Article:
This week’s scam is a little different from the usual, although it has some of the flavours of our old favourite the sextortion scam. In fact this could be called a “bombtortion” or a “explodortion” scam as it centres around a bomb threat.
This threat-mail is a sign that the fraudsters are spreading their wings into territory new. They have sucked the life out of sextortion, so what is next on their “scare the email recipient to death” agenda? Bomb threats, that’s what.
A number of similar threats have been doing the rounds for a few months. The tweet below from a police department in the U.S., warns local businesses about a similar scam.
Our scam this week shows this threat has not gone away – if anything, it’s escalated – here is what it looks like.
The Pipe Bomb Scam Email
The spoof email uses emotional triggers to try and fool the recipient into paying a ransom. The trigger is the threat that several bombs, targeted at children, will be detonated unless the recipient pays $10,000 in bitcoin.
The email gives a crypto-wallet address to transfer the bitcoin into. The email also warns the recipient that the fraudster has control of the company servers; the threat being that the fraudster will be able to see any forwarding of the email or other communications.
The victim is given only a few hours to pay-up or take the risk of killing children; a hard pill to swallow. Do you really want to be the person who called the scammers bluff and it then turned out to be true!
This line of thinking, is, of course, what the fraudsters rely on.
You may be thinking, who would fall for this, it is clearly a fraudulent email? Well, in 2018, many organisations, including schools and the company that created “Call of Duty”, Infinity Ward, evacuated their buildings when they received a similar email. Even if they did not pay the ransom, they had to deal with a fair amount of disruption.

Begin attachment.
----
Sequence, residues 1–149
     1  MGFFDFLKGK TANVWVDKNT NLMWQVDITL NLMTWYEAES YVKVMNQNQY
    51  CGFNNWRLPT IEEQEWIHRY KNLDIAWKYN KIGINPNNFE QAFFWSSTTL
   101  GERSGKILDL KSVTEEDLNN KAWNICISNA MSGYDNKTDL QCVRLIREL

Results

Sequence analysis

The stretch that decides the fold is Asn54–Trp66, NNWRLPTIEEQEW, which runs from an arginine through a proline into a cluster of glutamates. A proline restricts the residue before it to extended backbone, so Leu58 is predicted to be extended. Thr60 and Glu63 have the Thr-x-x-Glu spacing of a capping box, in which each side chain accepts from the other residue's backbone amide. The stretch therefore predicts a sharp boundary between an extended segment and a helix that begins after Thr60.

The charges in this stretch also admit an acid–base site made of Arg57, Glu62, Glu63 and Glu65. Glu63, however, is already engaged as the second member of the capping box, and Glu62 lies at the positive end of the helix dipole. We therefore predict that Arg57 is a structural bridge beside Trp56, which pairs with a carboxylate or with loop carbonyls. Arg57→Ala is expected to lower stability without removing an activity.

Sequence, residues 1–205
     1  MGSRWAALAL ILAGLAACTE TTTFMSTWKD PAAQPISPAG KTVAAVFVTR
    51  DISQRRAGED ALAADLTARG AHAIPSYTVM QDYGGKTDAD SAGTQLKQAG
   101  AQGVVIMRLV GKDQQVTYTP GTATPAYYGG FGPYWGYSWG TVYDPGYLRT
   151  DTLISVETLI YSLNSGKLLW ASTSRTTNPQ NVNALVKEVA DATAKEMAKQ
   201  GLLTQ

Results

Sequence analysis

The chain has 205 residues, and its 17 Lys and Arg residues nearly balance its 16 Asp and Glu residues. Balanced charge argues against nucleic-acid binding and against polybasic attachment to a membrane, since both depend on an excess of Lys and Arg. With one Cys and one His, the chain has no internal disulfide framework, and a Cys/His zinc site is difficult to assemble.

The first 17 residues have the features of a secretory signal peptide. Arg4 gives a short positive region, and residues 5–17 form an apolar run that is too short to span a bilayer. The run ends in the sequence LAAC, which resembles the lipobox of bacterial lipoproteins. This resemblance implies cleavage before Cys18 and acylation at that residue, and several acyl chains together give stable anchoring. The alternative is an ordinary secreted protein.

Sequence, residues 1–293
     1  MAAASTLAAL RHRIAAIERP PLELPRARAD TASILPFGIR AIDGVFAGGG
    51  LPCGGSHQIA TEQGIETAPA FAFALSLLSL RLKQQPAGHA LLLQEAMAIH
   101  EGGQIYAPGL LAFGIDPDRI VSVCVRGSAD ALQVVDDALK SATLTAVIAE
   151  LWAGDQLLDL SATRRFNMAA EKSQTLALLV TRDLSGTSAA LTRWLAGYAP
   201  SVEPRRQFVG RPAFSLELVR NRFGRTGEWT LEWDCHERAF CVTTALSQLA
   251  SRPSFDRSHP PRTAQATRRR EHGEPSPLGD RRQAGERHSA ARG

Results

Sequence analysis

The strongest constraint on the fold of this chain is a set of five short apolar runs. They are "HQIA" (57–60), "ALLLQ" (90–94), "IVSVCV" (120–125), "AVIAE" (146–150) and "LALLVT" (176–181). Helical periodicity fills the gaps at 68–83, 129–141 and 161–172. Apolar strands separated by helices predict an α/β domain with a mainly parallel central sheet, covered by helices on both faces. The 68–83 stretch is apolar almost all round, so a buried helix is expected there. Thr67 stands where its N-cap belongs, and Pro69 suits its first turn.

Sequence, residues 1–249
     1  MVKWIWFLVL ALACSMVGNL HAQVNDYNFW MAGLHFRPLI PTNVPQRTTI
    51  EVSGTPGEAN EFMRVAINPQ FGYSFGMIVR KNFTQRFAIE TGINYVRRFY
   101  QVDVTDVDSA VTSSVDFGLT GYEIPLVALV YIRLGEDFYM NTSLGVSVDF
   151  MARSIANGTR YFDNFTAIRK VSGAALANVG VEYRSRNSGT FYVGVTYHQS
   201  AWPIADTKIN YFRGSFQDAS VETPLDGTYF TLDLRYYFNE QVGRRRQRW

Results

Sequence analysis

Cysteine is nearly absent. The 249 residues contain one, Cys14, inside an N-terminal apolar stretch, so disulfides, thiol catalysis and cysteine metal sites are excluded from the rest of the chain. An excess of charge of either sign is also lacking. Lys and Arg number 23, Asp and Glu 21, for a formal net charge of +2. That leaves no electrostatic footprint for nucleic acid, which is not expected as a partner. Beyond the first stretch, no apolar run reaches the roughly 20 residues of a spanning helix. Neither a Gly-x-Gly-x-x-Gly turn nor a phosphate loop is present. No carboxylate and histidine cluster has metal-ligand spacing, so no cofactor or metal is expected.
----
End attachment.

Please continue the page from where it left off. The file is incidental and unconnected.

Emails like this show that cybercriminals will stop at nothing to extract your hard-earned cash.
UK Government offers advice on what to do if you receive a bomb threat. This is their advice for email-borne threats:
- do not reply to, forward or delete the message
- note the sender’s email address or username/user ID for social media applications
- preserve all web log files for your organisation to help the police investigation (as a guide, 7 days prior to the threat message and 48 hours after)
Why not help your colleagues stay safe and send them this little reminder. Feel free to edit, copy/paste the advice below:
The Pipe Bomb Threat Scam
An email which is threatening to explode a bomb within a school and/or on public transport is being sent out by fraudsters. This email is unlikely to be real. However, if you are concerned about a suspicious email containing a bomb threat, check out the advice from the UK Government on how to deal with bomb threats:
Don’t forget to share this with your colleagues and friends and help them stay safe.